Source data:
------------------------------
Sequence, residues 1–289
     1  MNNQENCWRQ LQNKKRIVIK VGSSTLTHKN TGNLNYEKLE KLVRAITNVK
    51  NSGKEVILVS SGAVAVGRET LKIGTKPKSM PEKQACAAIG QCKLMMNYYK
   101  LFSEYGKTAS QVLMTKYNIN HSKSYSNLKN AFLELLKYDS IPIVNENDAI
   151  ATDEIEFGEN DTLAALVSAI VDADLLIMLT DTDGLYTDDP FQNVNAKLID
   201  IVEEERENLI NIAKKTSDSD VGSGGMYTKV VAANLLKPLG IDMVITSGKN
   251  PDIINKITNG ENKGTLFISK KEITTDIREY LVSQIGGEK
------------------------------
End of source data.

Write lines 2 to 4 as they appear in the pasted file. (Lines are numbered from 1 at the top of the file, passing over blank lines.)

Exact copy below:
     1  MNNQENCWRQ LQNKKRIVIK VGSSTLTHKN TGNLNYEKLE KLVRAITNVK
    51  NSGKEVILVS SGAVAVGRET LKIGTKPKSM PEKQACAAIG QCKLMMNYYK
   101  LFSEYGKTAS QVLMTKYNIN HSKSYSNLKN AFLELLKYDS IPIVNENDAI